Document Type: Original Research

Authors

1 Department of Pathology, Imam Hospital Complex, Tehran University of Medical Sciences, Tehran, Iran

2 Medical Genetic Ward, Imam Hospital Complex, Tehran University of Medical Sciences, Tehran, Iran

3 Supervisor of Genetic Ward, Imam Hospital Complex, Tehran University of Medical Sciences, Tehran, Iran

4 Laboratory Senior Technical Associate of Genetic Ward, Imam Hospital Complex, Tehran University of Medical Sciences, Tehran, Iran

5 Department of Infectious Diseases and Tropical Medicine, School of Medicine, Tehran University of Medical Sciences, Tehran, Iran

6 Department of Medical-Surgical Nursing, School of Nursing and Midwifery, Tehran University of Medical Sciences, Tehran, Iran

7 Department of Pathology, School of Medicine, Tehran University of Medical Sciences, Tehran, Iran

8 Hematology Department, Allied medical school, Tehran University of Medical Sciences, Tehran, Iran

Abstract

Background & Objective:  A simple approach to prevent close contact in healthcare settings during the COVID-19 outbreak is to train patients to collect their own nasopharyngeal and oropharyngeal swabs and deliver them to medical laboratories to have them processed. The aim of our study was to compare lab technician- with patient- collected oropharyngeal and nasopharyngeal samples for detection of the coronavirus disease 2019 (COVID 19) using rapid real-time polymerase chain reaction (rRT-PCR).
Methods:  Fifty adult patients with flu-like symptoms and radiologic findings compatible with atypical pneumonia who were admitted to the infectious diseases ward of Imam Khomeini Hospital Complex, Tehran, Iran, with a clinical diagnosis of COVID-19 from February 28 to April 27 of 2020 were randomly selected and entered in our study. Two sets of naso- and oropharyngeal swabs were collected, one set by a lab technician and the other by the patients, and the COVID-19 rRT-PCR test was performed.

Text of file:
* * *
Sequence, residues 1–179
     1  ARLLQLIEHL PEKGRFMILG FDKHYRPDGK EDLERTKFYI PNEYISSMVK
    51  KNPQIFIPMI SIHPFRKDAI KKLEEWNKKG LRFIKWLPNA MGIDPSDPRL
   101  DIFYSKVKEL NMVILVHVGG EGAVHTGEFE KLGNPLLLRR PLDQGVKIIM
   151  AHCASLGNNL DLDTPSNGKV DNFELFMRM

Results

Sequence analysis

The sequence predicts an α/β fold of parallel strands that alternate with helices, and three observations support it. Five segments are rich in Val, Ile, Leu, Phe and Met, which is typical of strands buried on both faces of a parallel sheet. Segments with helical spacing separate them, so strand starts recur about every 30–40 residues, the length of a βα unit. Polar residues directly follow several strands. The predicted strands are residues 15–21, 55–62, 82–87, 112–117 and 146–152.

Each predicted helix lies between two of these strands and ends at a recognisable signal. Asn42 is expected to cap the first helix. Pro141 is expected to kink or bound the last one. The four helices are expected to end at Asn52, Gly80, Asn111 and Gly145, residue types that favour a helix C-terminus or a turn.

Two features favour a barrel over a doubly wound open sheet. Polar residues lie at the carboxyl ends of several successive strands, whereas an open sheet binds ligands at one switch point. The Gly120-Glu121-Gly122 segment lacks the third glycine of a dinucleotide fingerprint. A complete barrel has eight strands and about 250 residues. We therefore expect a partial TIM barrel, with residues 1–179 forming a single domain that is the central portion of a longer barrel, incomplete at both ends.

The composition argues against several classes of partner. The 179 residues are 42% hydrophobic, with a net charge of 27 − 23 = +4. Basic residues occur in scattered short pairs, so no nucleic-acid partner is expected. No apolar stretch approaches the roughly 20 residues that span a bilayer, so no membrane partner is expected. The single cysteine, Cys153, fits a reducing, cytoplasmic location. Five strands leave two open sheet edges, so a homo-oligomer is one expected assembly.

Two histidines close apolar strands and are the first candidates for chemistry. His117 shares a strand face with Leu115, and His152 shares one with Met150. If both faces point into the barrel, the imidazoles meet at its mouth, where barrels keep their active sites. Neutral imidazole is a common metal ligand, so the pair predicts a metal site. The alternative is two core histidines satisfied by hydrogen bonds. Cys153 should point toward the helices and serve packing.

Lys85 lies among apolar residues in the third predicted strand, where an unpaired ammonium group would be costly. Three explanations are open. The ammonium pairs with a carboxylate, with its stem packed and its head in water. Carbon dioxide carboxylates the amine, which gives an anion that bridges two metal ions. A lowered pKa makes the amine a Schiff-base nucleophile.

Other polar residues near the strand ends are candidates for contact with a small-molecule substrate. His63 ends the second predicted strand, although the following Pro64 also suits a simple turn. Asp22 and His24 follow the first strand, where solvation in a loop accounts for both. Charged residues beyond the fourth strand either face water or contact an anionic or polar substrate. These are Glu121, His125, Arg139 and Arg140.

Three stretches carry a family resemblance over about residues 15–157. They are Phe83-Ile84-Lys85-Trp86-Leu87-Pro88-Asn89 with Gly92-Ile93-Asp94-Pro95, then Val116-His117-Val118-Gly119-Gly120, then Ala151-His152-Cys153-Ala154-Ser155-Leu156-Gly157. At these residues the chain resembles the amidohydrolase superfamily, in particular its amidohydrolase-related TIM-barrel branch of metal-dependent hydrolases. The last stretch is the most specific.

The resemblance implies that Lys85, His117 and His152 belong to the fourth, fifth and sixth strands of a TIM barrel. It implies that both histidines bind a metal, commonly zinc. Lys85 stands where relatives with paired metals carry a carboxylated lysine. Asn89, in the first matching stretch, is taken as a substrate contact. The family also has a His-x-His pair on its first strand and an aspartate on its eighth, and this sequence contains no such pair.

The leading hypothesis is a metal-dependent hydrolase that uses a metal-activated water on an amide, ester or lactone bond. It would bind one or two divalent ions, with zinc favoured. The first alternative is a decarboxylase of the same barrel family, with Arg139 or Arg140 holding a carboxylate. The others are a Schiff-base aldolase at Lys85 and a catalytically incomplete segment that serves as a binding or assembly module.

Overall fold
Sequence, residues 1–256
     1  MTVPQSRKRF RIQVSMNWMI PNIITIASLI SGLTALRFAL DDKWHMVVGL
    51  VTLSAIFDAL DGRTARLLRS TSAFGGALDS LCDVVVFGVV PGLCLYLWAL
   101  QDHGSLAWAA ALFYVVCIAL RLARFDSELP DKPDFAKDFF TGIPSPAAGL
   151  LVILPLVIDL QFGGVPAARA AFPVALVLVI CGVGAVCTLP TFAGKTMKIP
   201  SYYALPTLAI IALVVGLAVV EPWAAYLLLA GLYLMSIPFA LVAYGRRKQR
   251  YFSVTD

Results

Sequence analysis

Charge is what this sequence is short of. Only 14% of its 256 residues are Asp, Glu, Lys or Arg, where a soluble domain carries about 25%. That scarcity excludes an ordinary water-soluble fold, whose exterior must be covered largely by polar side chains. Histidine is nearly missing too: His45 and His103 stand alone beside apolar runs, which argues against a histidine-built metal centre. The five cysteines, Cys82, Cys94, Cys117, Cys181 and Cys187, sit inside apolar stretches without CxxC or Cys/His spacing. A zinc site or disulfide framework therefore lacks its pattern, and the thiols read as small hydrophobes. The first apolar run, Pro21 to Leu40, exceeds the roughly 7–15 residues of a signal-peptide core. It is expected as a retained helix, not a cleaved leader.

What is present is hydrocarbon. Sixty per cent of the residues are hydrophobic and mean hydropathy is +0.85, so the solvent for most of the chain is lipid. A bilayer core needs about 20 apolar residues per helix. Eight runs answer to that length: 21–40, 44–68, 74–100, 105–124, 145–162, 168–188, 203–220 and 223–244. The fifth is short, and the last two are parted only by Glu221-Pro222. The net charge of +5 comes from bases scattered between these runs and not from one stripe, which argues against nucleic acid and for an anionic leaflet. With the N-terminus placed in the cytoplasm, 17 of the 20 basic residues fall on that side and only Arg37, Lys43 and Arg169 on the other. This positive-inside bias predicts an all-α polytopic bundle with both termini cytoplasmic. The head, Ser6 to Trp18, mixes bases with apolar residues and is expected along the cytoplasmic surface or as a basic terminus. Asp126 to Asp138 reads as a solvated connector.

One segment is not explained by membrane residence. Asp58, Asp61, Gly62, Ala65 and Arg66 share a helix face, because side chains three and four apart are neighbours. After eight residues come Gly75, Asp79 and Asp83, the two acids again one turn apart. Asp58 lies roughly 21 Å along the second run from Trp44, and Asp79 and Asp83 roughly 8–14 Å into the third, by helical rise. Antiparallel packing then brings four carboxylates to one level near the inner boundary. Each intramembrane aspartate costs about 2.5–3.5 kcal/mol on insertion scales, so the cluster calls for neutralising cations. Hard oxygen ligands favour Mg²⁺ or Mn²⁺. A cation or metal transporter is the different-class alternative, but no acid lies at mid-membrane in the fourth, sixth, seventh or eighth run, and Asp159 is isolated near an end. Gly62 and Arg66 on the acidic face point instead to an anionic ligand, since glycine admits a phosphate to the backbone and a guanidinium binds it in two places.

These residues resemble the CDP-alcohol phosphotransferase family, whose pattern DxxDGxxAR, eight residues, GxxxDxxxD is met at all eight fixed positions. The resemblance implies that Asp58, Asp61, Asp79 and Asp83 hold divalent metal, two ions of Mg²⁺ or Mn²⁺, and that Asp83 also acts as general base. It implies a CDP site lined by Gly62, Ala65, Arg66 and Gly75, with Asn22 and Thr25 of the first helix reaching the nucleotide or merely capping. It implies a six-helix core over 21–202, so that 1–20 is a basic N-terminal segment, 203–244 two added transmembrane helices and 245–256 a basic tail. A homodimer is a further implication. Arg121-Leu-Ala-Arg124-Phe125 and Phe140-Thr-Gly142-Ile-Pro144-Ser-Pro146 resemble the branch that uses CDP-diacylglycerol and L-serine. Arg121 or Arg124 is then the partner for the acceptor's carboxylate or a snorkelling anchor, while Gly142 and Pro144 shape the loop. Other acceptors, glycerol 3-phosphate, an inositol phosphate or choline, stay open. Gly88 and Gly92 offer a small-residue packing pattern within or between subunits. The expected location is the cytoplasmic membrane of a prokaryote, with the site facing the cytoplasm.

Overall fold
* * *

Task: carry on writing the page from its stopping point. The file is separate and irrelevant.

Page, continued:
Results:  Of 50 selected cases, in seven patients all collected naso- and oropharyngeal swabs tested positive, and in 22 patients all samples tested negative for COVID-19 in rRT-PCR. Discrepancies between rRT-PCR results of lab technician- and patient-collected swabs were observed in 12 nasopharyngeal and 13 oropharyngeal specimens. Positive lab technician-collected and negative patient-collected samples were observed in 10 and 5 nasopharyngeal and oropharyngeal specimens, respectively. Negative lab technician-collected and positive patient-collected samples were observed in two and seven nasopharyngeal and oropharyngeal specimens, respectively. The overall percentage of agreement among both nasopharyngeal and oropharyngeal swabs taken by a lab technician and patients was 76% with a kappa value of 0.49 (p =0.001).
Conclusion:  Based on our findings, lab technician-collected naso- and oropharyngeal swabs cannot be replaced by patient-collected ones with regard to COVID-19 rRT-PCR.

Keywords

Main Subjects

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